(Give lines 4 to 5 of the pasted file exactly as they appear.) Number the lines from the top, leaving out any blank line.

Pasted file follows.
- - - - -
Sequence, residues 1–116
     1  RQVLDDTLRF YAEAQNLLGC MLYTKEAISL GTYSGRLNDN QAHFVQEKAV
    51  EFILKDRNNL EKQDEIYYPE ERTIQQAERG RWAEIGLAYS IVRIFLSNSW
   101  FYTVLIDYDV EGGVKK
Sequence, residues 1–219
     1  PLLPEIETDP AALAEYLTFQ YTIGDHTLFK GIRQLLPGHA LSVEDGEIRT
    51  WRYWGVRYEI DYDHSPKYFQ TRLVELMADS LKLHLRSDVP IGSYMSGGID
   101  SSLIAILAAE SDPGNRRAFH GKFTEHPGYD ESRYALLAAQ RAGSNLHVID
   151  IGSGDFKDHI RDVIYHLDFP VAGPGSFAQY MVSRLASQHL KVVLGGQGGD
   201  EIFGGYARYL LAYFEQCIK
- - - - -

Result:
   101  FYTVLIDYDV EGGVKK
Sequence, residues 1–219